Blogs: Neurodevelopment

Anterior Cingulate Cortex and Hippocampal Volumes in Depressed Youths

Depressed Youth

Major depression disorder is a mental health condition in which unrelenting feelings such as sadness, hopelessness, anger, or frustration persist for prolonged periods of time and interfere with a person’s daily life. Although major depression arises most commonly in early adulthood, anyone can develop major depression disorder, including children and teenagers. While depression has been…

Early-Life Stress and Pituitary Gland Development

Early Life Stress

Whenever a stress response is triggered, the hypothalamus at the base of the brain is activated and stimulates the pituitary gland, which in turn helps regulate the activity of other hormone-secreting glands. As the mediator of stress management, the pituitary gland may be highly affected by stress dysregulation. A recent study carried out at the University…

Early-Life Stress and Amygdala Hypertrophy

Early Life Stress

Different forms of early-life stress may shape the development of brain areas involved with emotion processing and may increase vulnerability to adult mental or behavioral disorders. Examples of types of traumatic events include natural disasters, experiences in institutional care, assaults, witnessing violence and physical, sexual and emotional abuse. Considering that exposure to stress in humans…

Hippocampal Volume Measurement and Memory Loss

Adorable blonde toddler girl playing memory game

Memory is a highly constructive cognitive process that takes place in our everyday lives and consists of encoding, storing and retrieving information. Our memory is not located in one particular place in the brain, but is instead a brain-wide process during which several different areas of the brain act in conjunction with one another. One of the areas that plays…

Occipital Bending: the Physical Cause behind a Mental Health Disorder?

Occipital Bending in Depression

Brain asymmetry refers to the asymmetrical function and structure of the brain. Each hemisphere is specialized in certain tasks and specific areas process particular types of cognitive information. Structurally, the two halves of the human brain are slightly different, in fact some structures may be larger or smaller on one half of the brain than…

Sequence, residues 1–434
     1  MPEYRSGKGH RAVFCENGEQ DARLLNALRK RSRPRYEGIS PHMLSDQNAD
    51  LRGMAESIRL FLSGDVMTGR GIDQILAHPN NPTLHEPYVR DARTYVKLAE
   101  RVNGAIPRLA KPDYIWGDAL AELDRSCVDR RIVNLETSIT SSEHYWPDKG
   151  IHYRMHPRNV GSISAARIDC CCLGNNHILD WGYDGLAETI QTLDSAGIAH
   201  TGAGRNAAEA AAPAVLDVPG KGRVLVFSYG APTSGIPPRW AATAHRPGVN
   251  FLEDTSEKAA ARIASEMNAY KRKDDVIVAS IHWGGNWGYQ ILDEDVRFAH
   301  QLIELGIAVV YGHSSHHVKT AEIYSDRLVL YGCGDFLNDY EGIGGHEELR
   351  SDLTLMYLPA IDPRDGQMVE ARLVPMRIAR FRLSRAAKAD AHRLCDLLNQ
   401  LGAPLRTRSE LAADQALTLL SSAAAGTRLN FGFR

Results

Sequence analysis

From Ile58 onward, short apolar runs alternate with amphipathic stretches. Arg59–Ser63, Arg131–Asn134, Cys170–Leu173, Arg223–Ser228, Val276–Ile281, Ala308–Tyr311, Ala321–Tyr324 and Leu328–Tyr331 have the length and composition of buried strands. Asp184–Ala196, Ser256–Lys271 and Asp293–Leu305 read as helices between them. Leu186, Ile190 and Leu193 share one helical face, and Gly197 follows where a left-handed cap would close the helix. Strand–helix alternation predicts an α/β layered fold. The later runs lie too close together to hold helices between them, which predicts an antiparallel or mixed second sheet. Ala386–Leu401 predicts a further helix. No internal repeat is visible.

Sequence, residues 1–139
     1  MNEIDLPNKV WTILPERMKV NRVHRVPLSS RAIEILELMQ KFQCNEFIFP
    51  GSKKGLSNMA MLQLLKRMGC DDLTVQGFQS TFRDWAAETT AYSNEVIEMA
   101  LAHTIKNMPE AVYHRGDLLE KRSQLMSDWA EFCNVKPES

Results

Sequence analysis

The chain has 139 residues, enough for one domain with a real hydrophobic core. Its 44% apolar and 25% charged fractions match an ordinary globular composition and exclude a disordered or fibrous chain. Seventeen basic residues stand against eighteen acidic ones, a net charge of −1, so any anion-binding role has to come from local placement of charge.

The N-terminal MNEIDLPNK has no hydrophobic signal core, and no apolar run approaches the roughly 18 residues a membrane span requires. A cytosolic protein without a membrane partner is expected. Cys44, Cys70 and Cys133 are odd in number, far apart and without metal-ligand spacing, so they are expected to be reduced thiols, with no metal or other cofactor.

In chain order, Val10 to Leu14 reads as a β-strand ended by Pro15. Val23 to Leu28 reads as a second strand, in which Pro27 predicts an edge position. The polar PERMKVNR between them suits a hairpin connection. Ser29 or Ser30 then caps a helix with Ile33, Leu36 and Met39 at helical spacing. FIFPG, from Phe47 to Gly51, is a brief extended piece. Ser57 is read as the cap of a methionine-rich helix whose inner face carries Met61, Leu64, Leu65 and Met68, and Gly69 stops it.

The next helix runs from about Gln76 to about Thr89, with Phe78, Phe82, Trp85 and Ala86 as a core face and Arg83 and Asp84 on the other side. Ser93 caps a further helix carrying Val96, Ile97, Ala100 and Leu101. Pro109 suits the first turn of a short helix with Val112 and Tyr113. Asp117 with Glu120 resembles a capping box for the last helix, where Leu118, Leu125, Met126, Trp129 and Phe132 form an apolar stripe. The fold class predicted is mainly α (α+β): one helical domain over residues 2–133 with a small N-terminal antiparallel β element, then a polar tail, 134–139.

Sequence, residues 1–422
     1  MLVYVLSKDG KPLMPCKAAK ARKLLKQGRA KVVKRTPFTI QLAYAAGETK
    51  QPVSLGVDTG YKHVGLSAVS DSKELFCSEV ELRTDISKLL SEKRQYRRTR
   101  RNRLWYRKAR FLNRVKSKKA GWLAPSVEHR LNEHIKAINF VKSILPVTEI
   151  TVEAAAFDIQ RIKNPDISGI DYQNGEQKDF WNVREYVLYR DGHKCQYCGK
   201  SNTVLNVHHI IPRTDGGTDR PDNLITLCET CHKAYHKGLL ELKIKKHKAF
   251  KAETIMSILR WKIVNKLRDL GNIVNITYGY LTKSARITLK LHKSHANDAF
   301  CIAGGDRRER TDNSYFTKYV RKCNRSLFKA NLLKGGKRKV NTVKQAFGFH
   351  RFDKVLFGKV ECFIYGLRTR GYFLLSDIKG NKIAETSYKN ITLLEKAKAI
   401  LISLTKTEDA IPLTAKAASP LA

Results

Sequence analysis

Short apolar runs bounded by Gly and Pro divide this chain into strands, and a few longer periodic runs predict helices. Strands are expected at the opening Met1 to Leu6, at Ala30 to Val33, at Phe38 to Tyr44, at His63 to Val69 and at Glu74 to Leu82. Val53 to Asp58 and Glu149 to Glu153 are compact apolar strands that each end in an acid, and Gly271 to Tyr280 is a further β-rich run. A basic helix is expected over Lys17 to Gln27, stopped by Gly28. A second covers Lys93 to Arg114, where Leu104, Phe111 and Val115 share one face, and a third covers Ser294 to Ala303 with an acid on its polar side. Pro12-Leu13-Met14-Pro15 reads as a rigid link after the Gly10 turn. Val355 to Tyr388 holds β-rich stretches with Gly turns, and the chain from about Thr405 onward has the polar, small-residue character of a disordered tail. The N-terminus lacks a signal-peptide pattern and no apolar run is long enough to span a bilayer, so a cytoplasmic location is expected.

Neural Networks in Utero: a Milestone in Fetal Development Timeline

Fetus inside the womb

The brain’s neural connectivity pattern is formed by structural links such as synapses or fiber pathways. Understanding brain connectivity is crucial to elucidating how neurons and neural networks process information and the establishment of these functional neural networks is one of the major stages of development of the human fetal brain. However, the developmental timetable…

Can Levels of Essential Fatty Acids Predict Risk for Psychosis?

Schizophrenic woman

Recent studies demonstrate a critical role of fatty acids in the structure and function of the developing nervous system. Essential fatty acids (EFAs), omega-3s in particular, are an absolute requirement for a healthy brain, as they are involved in the composition of neural membranes and in the production of neurotransmitters. Their role in psychiatric and cognitive…

Fetal Corpus Callosum Measurement as an Imaging Biomarker for Abnormal Neurodevelopment

newborn

Intrauterine growth restriction (IUGR) refers to abnormal fetal growth, and often results from poor maternal nutrition or lack of adequate oxygen to the fetus. IUGR is found in up to 10% of all pregnancies, in 20% of stillborn births and is associated with high morbidity and mortality. Volume and neural network changes in cerebral white and…